Similar to the French impressionist movement, this style of art is characterized by an interest in the quality of color, light, and the time of day. This group of artists usually painted in plein air, or out of doors, to capture the moment. According to James A. Michener Art Museum’s Senior Curator Brian Peterson, “what most characterized Pennsylvania impressionism was not a single, unified style but rather the emergence of many mature, distinctive voices: Daniel Garber's luminous, poetic renditions of the Delaware River; Fern Coppedge's colorful village scenes; Robert Spencer's lyrical views of mills and tenements; John Folinsbee's moody, expressionistic snowscapes; and William L. Lathrop's deeply felt, evocative Bucks County vistas."
Art historian Thomas C. Folk defines the movement as the Late Pennsylvania School, those artists that "came to prominence in Bucks County after 1915 or after the Armory Show and the Panama-Pacific International Exposition." According to Folk, the three most notable artists in this group were John Fulton Folinsbee, Walter Emerson Baum and George Sotter.
One of the artists, Walter Emerson Baum, worked as a teacher and educator and through his founding of the Baum School of Art and the Allentown Art Museum, would serve to expand the influence of the movement out of Bucks County and into Lehigh County, specifically Allentown and the Lehigh Valley, where the movement continued to flourish into the 1940s and 1950s. Today, this group of artists is collectively known as the Baum Circle.
New Hope is a borough in Bucks County, Pennsylvania, United States. The population was 2,528 at the 2010 census. New Hope is located approximately 30 mi (48 km) north of Philadelphia, and lies on the west bank of the Delaware River at its confluence with Aquetong Creek. The two-lane New Hope–Lambertville Bridge carries automobile and foot traffic across the Delaware to Lambertville, New Jersey, on the east bank.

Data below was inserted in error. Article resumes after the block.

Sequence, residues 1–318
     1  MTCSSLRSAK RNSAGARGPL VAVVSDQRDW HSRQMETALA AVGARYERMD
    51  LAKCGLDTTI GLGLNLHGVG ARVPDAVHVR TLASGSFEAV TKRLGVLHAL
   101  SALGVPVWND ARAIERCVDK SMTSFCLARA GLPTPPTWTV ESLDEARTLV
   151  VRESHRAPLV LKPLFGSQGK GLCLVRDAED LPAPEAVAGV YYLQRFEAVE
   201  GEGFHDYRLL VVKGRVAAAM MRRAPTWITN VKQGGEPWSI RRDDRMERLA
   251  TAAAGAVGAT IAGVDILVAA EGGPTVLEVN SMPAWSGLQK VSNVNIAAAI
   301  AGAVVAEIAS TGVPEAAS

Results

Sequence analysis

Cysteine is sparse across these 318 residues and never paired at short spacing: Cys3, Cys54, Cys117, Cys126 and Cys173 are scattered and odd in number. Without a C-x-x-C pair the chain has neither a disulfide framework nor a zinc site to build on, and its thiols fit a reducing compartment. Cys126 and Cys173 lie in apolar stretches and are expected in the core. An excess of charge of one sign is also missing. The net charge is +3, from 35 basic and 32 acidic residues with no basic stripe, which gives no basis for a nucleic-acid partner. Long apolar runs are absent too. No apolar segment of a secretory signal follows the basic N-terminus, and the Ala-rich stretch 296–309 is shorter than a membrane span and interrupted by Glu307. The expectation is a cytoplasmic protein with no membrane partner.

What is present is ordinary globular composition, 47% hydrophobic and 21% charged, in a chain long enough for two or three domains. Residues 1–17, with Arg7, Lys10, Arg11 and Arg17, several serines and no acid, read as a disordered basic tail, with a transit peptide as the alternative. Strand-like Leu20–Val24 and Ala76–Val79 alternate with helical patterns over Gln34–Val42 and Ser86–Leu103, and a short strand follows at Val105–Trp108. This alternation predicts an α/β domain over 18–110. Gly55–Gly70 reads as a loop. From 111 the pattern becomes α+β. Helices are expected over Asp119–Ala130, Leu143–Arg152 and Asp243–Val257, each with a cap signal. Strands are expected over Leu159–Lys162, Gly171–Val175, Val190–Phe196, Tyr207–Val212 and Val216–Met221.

American Impressionism was a style of painting related to European Impressionism and practiced by American artists in the United States during the late 19th and early 20th centuries. American Impressionism is a style of painting characterized by loose brushwork and vivid colors. The style often depicted landscapes mixed with scenes of upper-class domestic life.
Mary Elizabeth Price, also known as M. Elizabeth Price, was an American Impressionist painter. She was an early member of the Philadelphia Ten, organizing several of the group's exhibitions. She steadily exhibited her works with the Pennsylvania Academy of the Fine Arts, the National Academy of Design, and other organizations over the course of her career. She was one of the several family members who entered the field of art as artists, dealers, or framemakers.
William Langson Lathrop was an American Impressionist landscape painter and founder of the art colony at New Hope, Pennsylvania. He is sometimes referred to as a "Pennsylvania Impressionist". Lathrop was a member of the National Academy of Design and served on numerous exhibition juries during his career. He received a gold medal at the Panama–Pacific International Exposition (1915) in San Francisco, California, which showcased works by many of the major American artists of the time. Today, Lathrop's paintings are in numerous museum collections including the Metropolitan Museum of Art in New York City, and the Smithsonian American Art Museum in Washington, D.C.
Edward Willis Redfield was an American Impressionist landscape painter and member of the art colony at New Hope, Pennsylvania. He is best known today for his impressionist scenes of the New Hope area, often depicting the snow-covered countryside. He also spent his summers on Boothbay Harbor, Maine, where he interpreted the local coastline. He frequently painted Maine's Monhegan Island.
Daniel Garber was an American Impressionist landscape painter and member of the art colony at New Hope, Pennsylvania. He is best known today for his large impressionist scenes of the New Hope area, in which he often depicted the Delaware River. He also painted figurative interior works and excelled at etching. In addition to his painting career, Garber taught art at the Pennsylvania Academy of the Fine Arts for over forty years.